House committee weighs drug pricing proposals

Endpoints News, February 14, 2019
by by Michael Mezher, quoting Rachel Sachs (Academic Fellow Alumna)

From the article: "Mark Miller, executive vice president of health care at Arnold Ventures, told the committee that moving to a flat fee-per-prescription model for Medicare Part B could help to curb some… Read More

Can California Beat The Federal Government In Lowering Drug Prices?

Kaiser Health News, February 14, 2019
by By Samantha Young, quoting Rachel Sachs (Academic Fellow Alumna)

From the article: "Lawmakers face an array of challenges that make reform hard, such as secretive drug pricing and the political influence of the pharmaceutical industry, one of the most powerful lobbies… Read More

Sanders to Gables pharma firm: Why are you charging $375,000 for life-saving drug?

Miami Herald, February 6, 2019
by by Rob Wile, quoting W. Nicholson Price (Academic Fellow Alumnus)

From the article: "Nicholson Price, an assistant professor at the University of Michigan who specializes in law surrounding innovation in the life sciences, said Catalyst would likely counter by saying… Read More

Health plans don’t want patients on opioids.

Politico, February 12, 2019
by Paul Demko

The national effort to curb the opioid crisis faces another big potential obstacle — insurers who won’t pay for less-addictive ways to control patients’ pain. Patients seeking other pain… Read More

F.D.A. Panel Recommends New Depression Treatment

New York Times, February 12, 2019
by Benedict Carey

In a move that may clear the way for the first new treatment in years for depression, an expert panel recommended on Tuesday that federal regulators approve a nasal spray that delivers the active ingredients… Read More

American Travelers Seek Cheaper Prescription Drugs In Mexico And Beyond

NPR, February 11, 2019
by Bram Sable-Smith

[...] The U.S. government estimates that close to 1 million people in California alone cross to Mexico annually for health care, including to buy prescription drugs. And between 150,000 and 320,000… Read More

A High-Tech Pill to End Drug Injections

New York Times, February 7, 2019
by Gina Kolata

[...] The device works in rats and pigs, the investigators reported on Thursday in the journal Science. The researchers — at M.I.T., Harvard and Novo Nordisk, the pharmaceutical company… Read More

Trump Highlights Health Agenda With Vow To Lower ‘Unfair’ Drug Prices

Kaiser Health News, February 6, 2019
by Julie Rovner

It was not the centerpiece, but health was a persistent theme in President Donald Trump’s State of the Union address at the Capitol on Tuesday night. Although the administration has focused more… Read More

More light needed on medical “shadow records” and “black box” tools, U-M experts say

IHPI News Blog, February 6, 2019
by by IHPI, quoting W. Nicholson Price (Academic Fellow Alumnus)

From the post: "When shadow record elements from many people are pooled together and used by academic researchers or industry, they can fuel progress in health care research and innovation, says the international… Read More

How Trump’s Latest Plan to Cut Drug Prices Will Affect You

New York Times, February 5, 2019
by By Katie Thomas and Reed Abelson, quoting Rachel Sachs (Academic Fellow Alumna)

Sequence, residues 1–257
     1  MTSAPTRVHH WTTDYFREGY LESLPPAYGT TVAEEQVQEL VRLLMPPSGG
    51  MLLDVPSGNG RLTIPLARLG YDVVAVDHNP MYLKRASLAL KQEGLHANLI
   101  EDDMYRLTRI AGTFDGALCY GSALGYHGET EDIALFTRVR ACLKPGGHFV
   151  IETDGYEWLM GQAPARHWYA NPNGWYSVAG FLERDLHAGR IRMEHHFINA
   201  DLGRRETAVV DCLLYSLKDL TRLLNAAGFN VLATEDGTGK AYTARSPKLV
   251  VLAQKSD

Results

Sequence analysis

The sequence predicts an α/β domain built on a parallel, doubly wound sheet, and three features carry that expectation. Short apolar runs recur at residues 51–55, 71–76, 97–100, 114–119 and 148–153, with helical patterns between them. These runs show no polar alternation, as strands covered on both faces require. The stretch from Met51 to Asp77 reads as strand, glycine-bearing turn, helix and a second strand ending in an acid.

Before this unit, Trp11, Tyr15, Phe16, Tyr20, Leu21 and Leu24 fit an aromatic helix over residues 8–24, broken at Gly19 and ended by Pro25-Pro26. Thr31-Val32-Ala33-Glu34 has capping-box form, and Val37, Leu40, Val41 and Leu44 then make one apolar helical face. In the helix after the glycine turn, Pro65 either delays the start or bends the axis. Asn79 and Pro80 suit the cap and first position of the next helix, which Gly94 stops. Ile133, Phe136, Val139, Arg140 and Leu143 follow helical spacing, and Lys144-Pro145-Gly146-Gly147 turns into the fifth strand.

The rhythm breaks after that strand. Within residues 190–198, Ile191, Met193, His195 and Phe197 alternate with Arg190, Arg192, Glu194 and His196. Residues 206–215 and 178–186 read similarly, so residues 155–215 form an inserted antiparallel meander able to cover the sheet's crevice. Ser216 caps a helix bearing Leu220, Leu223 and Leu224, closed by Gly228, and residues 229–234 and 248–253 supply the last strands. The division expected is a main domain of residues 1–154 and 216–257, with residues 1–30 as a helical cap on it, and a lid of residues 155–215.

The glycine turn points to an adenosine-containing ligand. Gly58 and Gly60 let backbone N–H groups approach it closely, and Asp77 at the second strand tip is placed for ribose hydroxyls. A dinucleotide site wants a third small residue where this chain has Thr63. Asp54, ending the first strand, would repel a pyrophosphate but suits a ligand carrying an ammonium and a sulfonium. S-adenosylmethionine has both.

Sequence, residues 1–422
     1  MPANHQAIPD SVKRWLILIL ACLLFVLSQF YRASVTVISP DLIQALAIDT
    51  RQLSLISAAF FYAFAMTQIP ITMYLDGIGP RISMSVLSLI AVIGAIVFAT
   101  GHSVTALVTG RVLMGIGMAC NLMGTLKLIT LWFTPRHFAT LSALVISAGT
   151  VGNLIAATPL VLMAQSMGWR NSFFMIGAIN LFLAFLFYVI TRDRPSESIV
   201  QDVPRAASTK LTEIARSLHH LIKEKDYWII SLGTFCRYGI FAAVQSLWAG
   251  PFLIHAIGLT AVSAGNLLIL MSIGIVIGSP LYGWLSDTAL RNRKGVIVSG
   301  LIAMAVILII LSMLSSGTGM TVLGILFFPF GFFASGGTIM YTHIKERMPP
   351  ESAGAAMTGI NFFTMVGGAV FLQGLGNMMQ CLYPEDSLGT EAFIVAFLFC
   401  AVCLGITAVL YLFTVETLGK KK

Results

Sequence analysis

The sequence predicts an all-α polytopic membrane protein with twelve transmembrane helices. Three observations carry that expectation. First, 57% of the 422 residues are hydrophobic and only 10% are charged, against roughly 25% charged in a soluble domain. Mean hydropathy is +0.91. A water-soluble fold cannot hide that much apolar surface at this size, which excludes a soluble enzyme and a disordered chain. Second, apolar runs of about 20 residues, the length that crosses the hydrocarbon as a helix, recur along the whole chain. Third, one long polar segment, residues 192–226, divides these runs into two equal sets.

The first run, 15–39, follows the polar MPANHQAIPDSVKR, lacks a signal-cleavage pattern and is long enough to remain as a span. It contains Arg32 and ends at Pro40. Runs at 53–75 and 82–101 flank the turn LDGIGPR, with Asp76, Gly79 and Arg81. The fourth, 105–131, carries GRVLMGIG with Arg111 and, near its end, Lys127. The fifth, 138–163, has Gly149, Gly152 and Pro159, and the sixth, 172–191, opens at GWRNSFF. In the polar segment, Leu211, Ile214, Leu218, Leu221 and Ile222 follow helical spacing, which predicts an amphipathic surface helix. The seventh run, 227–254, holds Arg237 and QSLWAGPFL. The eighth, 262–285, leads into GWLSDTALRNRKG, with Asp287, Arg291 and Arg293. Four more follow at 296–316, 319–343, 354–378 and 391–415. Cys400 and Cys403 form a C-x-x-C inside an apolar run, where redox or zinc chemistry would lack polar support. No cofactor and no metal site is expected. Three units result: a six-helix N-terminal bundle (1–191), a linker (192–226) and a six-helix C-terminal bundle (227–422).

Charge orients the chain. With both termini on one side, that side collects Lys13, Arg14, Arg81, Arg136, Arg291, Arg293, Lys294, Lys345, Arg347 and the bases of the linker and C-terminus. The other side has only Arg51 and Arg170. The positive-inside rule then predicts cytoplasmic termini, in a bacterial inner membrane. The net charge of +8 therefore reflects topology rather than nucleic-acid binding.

From the article: "The Trump administration says that a lot will depend on how companies react. If the plan takes effect next year, it could cost the government an extra $2.8 billion to $13.5 billion that… Read More

Trump wants to slash drug rebate deals. Will it make a difference?

ABC News, February 4, 2019
by by Jay Hancock, quoting Rachel Sachs (Academic Fellow Alumna)

From the article: "In any event, it’s hardly a pure win for seniors or patients in general. Consumers are unlikely to collect the full benefit of eliminated rebates. At the same time, the change… Read More

The Fight To Lower Soaring Drug Prices Turns Bitter Between States And The Feds

Huffington Post, February 4, 2019
by By Michael Ollove, quoting Rachel Sachs (Academic Fellow Alumna)

From the article: "According to the National Institute on Money and Politics, a nonprofit that collects campaign finance data, the pharmaceutical industry in 2018 contributed nearly $19 million to state… Read More

Winners And Losers Under Bold Trump Plan To Slash Drug Rebate Deals

Kaiser Health News, February 1, 2019
by By Jay Hancock, quoting Rachel Sachs (Academic Fellow Alumna)

From the article: "In any event, it’s hardly a pure win for seniors or patients in general. Consumers are unlikely to collect the full benefit of eliminated rebates. At the same time, the change… Read More

The rebate rule is here

POLITICO Pulse, February 1, 2019
by by Dan Diamond, quoting Rachel Sachs (Academic Fellow Alumna)

From the article: "Pharmacy benefit managers are likely to fight efforts to change the kickback exemption, which has been in place since Medicare Part D’s inception, said Sean Dickson of Pew Charitable… Read More

Trump Administration Releases Long-Awaited Drug Rebate Proposal

HealthAffairs, February 1, 2019
by by Rachel Sachs (Academic Fellow Alumna)

From the article: "Yesterday, the Trump Administration released a proposed rule which aims to eliminate rebates from pharmaceutical companies to pharmacy benefit managers (PBMs) in Medicare Part… Read More

Trump proposal would upend drug industry by overhauling rebates in Medicare